“It’s really the consumers that are going to lose out by having to change these words in a way that they won’t understand,” said Daniel Staackman, founder of plant-based meat brand Upton’s Naturals and PBFA member. “This is really a protectionist move on the part of the meat industry to try to squash our progress”

Plant-Based Brands Push Back

A similar law passed in Arkansas and is already receiving push-back from groups, including the American Civil Liberties Union (ACLU) for being unconstitutional. The group filed a lawsuit on behalf of vegan brand, Tofurky.

“The Act is a restriction on commercial speech that prevents companies from sharing truthful and non-misleading information about their products,” says the lawsuit. “It does nothing to protect the public from potentially misleading information. Instead, it creates consumer confusion where none existed before in order to impede competition.”

Arkansas, Montana, North Dakota, South Dakota, and Wyoming have introduced similar laws.

Instances of the meat and dairy industries attempting to restrict alternatives in the market are nothing new. In the late 1800s, dairy lobbyists pushed the Margarine Act, which bogged manufacturers down with a restrictive tax and prohibitive licensing fees. Some states even banned its sale outright. Governor Lucius Hubbard of Minnesota called the vegetable oil-based spread an “abomination” of “depraved human genius.” Laws in the early 1900s called for margarine to be dyed pink to avoid confusion with butter. The Supreme Court overturned the laws on the grounds that it’s illegal to enforce the adulteration of food.

Fast-food giants are beginning to dabble with plant-based options. | Burger King

An Evolving Economy

While animal agriculture lobbyists push for restrictive labeling laws, changes are happening in the plant-based food industry. According to data from PBFA, the industry contributed $4.5 billion to the U.S. economy in 2018. The average income is $59.3k — $12 higher than the average salary — and it has created 55,634 new jobs. With several brands preparing to open new facilities, job creation will continue.

Disrupting the Meat Industry

California-based brand Beyond Meat is one of the biggest disruptors to the $90 billion meat business. It became the first vegan meat brand to go public earlier this year, resulting in the biggest first-day IPO in nearly two decades.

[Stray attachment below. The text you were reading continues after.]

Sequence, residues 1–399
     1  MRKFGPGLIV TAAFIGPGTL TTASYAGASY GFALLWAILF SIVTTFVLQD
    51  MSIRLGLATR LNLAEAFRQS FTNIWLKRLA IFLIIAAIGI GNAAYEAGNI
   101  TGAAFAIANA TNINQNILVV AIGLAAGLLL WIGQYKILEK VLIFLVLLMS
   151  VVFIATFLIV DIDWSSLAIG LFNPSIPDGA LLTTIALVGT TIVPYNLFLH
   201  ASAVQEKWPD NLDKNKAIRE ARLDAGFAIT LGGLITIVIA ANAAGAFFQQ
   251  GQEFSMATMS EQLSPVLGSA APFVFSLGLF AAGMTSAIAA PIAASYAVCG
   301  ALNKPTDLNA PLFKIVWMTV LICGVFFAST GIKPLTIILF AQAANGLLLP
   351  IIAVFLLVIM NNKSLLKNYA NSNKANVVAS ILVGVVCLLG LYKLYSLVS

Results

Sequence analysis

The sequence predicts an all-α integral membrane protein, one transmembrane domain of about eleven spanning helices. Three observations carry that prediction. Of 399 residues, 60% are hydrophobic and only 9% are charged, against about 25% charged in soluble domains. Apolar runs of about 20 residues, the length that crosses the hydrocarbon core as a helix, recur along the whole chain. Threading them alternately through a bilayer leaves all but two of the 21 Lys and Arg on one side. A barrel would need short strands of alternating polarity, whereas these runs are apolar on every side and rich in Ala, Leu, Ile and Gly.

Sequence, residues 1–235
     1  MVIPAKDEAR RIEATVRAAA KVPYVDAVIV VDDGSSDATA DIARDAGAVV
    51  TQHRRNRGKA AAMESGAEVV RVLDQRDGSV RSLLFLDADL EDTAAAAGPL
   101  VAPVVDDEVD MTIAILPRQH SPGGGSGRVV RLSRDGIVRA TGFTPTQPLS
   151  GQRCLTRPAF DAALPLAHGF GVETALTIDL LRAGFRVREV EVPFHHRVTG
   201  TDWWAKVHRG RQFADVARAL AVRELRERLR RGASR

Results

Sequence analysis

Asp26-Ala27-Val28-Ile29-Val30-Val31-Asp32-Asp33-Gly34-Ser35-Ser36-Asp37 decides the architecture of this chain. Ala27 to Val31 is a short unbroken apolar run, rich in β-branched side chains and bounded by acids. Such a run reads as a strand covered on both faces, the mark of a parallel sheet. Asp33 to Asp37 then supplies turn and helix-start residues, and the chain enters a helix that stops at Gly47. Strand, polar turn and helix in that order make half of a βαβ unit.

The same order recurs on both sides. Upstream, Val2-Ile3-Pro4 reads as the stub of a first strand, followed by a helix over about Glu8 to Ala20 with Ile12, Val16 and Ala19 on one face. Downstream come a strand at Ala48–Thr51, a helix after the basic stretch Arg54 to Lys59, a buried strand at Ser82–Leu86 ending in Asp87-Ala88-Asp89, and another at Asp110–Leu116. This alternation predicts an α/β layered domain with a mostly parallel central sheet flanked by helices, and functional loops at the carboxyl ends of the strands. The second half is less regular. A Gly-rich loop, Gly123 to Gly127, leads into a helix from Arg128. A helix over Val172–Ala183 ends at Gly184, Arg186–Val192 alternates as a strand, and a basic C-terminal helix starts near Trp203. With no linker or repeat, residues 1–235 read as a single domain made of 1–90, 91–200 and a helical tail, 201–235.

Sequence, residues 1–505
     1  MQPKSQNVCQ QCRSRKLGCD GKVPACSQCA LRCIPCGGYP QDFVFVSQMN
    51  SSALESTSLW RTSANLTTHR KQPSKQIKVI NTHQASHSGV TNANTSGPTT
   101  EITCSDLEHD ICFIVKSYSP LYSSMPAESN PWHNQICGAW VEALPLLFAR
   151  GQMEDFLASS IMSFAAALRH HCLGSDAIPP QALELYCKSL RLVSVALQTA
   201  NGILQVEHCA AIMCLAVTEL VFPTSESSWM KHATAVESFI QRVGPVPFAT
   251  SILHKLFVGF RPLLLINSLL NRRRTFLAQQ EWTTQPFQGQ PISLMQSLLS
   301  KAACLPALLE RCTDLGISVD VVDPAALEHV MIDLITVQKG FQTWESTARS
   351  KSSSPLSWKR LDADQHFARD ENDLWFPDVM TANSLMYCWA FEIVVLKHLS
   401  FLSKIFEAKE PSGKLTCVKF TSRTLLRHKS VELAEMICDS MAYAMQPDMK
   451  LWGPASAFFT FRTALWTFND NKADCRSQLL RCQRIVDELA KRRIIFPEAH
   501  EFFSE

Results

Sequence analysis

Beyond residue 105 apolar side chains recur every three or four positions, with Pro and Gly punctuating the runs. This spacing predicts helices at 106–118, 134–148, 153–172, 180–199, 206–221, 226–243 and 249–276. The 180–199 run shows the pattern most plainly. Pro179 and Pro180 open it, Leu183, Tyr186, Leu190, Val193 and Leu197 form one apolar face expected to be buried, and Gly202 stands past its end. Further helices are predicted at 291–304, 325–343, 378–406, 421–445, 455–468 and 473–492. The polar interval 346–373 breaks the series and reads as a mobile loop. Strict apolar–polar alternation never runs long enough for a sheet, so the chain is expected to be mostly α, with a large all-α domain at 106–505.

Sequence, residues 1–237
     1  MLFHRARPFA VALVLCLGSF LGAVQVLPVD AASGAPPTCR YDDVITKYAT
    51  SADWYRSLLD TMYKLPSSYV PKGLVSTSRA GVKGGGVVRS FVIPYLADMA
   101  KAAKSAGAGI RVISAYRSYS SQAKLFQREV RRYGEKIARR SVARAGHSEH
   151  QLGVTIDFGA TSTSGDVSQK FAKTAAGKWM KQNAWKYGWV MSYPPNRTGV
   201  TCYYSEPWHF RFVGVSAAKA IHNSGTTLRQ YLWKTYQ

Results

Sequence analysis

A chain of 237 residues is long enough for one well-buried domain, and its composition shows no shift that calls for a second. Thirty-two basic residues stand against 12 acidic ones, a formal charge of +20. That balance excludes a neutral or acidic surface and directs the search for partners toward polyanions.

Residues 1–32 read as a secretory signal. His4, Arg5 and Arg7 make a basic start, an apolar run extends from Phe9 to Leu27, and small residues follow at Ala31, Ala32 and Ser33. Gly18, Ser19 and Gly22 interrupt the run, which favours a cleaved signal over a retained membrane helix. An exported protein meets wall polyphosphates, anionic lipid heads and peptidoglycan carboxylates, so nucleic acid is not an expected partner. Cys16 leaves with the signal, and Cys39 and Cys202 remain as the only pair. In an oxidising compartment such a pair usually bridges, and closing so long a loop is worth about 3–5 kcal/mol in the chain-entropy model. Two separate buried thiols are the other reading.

Due to Beyond Meat’s marketing strategy, vegan meat made its way to the meat aisle. The Beyond Burger was the first plant-based meat to be sold alongside traditional beef in grocery stores. This paved the way for the placement of other brands to market in the meat case. The brand hopes to expand its product lineup to include vegan bacon and steak. Due to its success, analysts predicted that the vegan meat market could be worth $41 billion within the next decade.

Vegan Meat Goes Mainstream

Beyond Meat’s Beyond Burger is available at Carl’s Jr., Del Taco, A&W Canada, and Tim Hortons. Its new vegan breakfast sausage launched in NYC Dunkin’ locations last July, with plans to go national. Its one-day fried chicken trial at an Atlanta KFC sold out in just five hours and it will also trial vegan meat at Subway.

Impossible Foods is making similar strides. The Bay Area brand’s plant-based meat is available in mainstream restaurant chains including White Castle, the Mexican-inspired QDOBA, and at Burger King as a Whopper option. The brand has raised more than $750 million and has a growing list of celebrity supporters, including Jay-Z, Katy Perry, Jaden Smith, and Serena Williams.

Vegan Meat on the Rise

Non-vegan brands are also staking a claim in the burgeoning plant-based meat market. Nestlé, the world’s largest food company, is turning its attention to creating new vegan products. It recently launched the Incredible Burger and Mince under its Garden Gourmet brand in Europe. The realistic plant-based patty is now available in McDonald’s Germany and Israel. It is looking to develop vegan chicken, sausage, and bacon.

“We are deeply interested in the plant-based food area,” Nestlé CEO Mark Schneider told CNBC. “I think we have a lot to show in this area.”